Ursula at Virginia Falls on the Nahanni River.

We have been loving seeing all the silver work you have been making in self isolation. Where did you learn how to do that? 

I learned how to silver-smith in Nepal. After a little trekking I rented an apartment in Pokhara. Walking down the street one day I saw a sign for silversmithing lessons. I signed up and basically learned how to smith in a closet… It was seriously the smallest classroom on earth. I didn’t last too long at that school but I bought some stones and was put in touch with another smith who had a shop overlooking a garden full of fresh food and kids. Eventually I rented his bench and he helped me get my first tools. Nepali style smithing taught me the old ways of doing things. It was very foundational, I even learned how to make my own solder! 

That is really cool. 

I love crafting and making things. I think it comes back to my father who loved silver and turquoise jewellery and was such a craftsman. 

You are famous for the food you make! (Ursual has packed our trip food and organized our menu since 2016) What is the last thing you cooked?

Nothing fancy. I  made a glory bowl and it was delicious, filling and healthy. And I love the colour. Check out the recipe here >

What is the most unusual thing you have done this week?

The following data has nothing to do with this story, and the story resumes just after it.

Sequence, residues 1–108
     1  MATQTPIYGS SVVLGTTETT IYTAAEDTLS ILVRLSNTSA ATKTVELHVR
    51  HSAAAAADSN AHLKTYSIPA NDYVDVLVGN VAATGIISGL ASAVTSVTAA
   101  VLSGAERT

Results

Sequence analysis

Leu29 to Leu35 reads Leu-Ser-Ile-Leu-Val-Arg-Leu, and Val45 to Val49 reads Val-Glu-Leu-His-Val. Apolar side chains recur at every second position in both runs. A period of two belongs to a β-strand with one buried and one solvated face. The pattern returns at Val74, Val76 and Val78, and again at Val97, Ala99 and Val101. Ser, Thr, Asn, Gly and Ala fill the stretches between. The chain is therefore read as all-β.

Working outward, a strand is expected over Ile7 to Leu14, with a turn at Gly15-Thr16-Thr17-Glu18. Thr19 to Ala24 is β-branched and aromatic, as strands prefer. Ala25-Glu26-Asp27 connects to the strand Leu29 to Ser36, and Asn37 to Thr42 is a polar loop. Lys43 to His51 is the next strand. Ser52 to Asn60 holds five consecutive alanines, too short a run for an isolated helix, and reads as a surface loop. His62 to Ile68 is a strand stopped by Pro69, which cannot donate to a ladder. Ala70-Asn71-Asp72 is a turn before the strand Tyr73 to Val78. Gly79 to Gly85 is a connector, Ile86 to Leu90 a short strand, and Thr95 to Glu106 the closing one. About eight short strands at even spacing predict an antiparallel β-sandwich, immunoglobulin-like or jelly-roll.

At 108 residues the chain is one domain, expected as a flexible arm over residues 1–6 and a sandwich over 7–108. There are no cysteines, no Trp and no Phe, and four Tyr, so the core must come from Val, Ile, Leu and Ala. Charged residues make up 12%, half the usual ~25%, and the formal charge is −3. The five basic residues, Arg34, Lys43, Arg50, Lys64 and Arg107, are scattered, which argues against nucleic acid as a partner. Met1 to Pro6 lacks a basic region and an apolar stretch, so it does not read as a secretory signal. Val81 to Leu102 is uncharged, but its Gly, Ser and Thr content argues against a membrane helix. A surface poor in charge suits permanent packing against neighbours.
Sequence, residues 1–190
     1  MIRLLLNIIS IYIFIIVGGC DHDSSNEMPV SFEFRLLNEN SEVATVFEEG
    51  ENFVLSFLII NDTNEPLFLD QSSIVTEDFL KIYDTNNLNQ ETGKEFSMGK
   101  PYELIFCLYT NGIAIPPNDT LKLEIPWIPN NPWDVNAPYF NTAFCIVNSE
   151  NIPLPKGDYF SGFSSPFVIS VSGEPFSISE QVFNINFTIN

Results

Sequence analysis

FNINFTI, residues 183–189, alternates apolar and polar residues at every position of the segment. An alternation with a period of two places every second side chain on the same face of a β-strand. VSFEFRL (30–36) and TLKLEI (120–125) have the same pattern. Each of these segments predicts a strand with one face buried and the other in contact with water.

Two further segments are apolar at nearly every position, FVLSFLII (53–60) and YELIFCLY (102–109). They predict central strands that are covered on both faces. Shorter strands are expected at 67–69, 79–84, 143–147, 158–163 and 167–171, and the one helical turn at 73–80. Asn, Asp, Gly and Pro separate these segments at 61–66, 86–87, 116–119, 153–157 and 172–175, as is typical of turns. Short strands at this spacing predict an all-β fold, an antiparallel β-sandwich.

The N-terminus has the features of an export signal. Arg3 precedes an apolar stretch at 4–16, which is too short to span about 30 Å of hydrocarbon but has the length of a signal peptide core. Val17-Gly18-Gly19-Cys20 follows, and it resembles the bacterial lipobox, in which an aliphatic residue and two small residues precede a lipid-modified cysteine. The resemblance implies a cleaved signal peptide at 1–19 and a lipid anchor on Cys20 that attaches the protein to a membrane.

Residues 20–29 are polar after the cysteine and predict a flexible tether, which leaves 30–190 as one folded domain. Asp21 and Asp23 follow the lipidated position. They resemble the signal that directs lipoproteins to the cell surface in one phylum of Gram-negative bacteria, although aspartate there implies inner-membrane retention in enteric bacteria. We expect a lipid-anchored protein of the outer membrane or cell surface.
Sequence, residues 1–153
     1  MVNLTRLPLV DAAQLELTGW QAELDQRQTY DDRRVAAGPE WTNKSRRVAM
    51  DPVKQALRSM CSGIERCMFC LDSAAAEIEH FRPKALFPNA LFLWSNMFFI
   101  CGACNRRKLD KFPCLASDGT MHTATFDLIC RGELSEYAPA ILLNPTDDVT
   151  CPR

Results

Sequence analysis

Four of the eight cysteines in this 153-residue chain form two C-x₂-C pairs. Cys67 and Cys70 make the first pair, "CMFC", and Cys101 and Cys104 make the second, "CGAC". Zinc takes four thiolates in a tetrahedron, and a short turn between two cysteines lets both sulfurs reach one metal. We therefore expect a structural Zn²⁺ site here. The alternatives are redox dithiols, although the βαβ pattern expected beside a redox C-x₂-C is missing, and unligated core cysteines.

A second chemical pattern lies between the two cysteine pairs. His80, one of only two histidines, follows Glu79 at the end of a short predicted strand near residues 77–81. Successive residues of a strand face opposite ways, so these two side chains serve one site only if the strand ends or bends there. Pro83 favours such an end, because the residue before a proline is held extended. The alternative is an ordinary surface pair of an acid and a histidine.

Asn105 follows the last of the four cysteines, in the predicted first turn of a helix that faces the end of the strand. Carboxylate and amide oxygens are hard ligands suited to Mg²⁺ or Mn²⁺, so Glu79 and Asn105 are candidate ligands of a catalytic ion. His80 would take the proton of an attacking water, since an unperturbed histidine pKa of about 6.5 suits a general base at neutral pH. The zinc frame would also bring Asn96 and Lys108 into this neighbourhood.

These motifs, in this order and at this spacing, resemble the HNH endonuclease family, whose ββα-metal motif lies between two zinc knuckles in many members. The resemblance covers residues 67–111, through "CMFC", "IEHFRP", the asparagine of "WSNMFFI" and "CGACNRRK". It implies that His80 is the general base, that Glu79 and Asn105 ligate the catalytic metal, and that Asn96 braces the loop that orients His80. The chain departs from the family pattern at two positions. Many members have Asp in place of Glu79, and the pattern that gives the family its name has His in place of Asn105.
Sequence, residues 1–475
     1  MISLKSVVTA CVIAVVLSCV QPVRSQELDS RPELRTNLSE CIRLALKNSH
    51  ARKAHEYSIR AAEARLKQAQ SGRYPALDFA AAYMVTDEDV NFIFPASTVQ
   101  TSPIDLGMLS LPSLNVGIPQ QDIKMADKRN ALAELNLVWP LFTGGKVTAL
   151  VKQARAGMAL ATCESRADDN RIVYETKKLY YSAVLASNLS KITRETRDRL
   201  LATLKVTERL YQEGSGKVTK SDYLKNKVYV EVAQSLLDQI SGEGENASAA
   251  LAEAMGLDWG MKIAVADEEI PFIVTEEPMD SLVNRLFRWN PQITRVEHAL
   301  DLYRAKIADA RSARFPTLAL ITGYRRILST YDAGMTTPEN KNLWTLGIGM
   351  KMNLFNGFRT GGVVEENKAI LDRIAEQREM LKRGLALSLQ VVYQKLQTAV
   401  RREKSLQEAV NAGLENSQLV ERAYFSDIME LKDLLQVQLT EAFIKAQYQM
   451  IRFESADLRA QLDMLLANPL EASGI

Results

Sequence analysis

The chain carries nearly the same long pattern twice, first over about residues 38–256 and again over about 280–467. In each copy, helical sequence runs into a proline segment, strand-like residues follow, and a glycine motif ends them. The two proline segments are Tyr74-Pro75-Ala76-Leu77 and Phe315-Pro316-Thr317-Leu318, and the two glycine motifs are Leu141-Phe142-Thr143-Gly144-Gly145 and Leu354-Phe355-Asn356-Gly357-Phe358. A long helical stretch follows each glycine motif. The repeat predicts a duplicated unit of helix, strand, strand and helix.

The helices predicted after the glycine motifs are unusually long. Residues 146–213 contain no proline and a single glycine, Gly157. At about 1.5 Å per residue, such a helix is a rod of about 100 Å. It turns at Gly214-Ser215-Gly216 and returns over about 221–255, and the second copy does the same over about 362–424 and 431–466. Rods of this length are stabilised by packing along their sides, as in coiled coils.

I went bird watching with a friend. In the spring I usually focus on the rivers and paddling but with the need to slow down this year it has been amazing. My eyes opened to so many new things. 

The other day, I discovered Buffelhead ducks, so they’re a new favourite. And we saw a sandhill crane. They sound like tiny dinosaurs! 

What was the last river you dreamed of? 

The Firth. I haven’t been there.. yet. I have been reading about barren ground caribou and coming to understand just how incredible the Firth is and how rare intact barrenground caribou herds are. 

What are you reading at the moment? 

Currently lots of text books as I am completing my degree in Physical Geography and am getting ahead with some spring and summer classes! But I have been enjoying The Sun is a Compass and a reading interesting book on oral history Do Glaciers Listen

Thanks for doing this, that was great! Stay well in Revelstoke and we will see you on the other side of all of this.

If you would like to see more of what Ursula is up to make sure to check out her Instagram @urs.kilbridge or see her latest silver work at https://www.etsy.com/ca/shop/SilverWilds!

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Sheri Cappa
10 months ago

So wonderful to hear from you, Ursula. We were so privileged to have you as our lead guide 3 years ago on the Nahanni. We have booked the Wind for this summer….
It brought tears to my eyes reading this. You must be so heartbroken and missing the water. Our trip with you and Lowell and Chris was a treasure we will keep forever. Stay well, lovely one.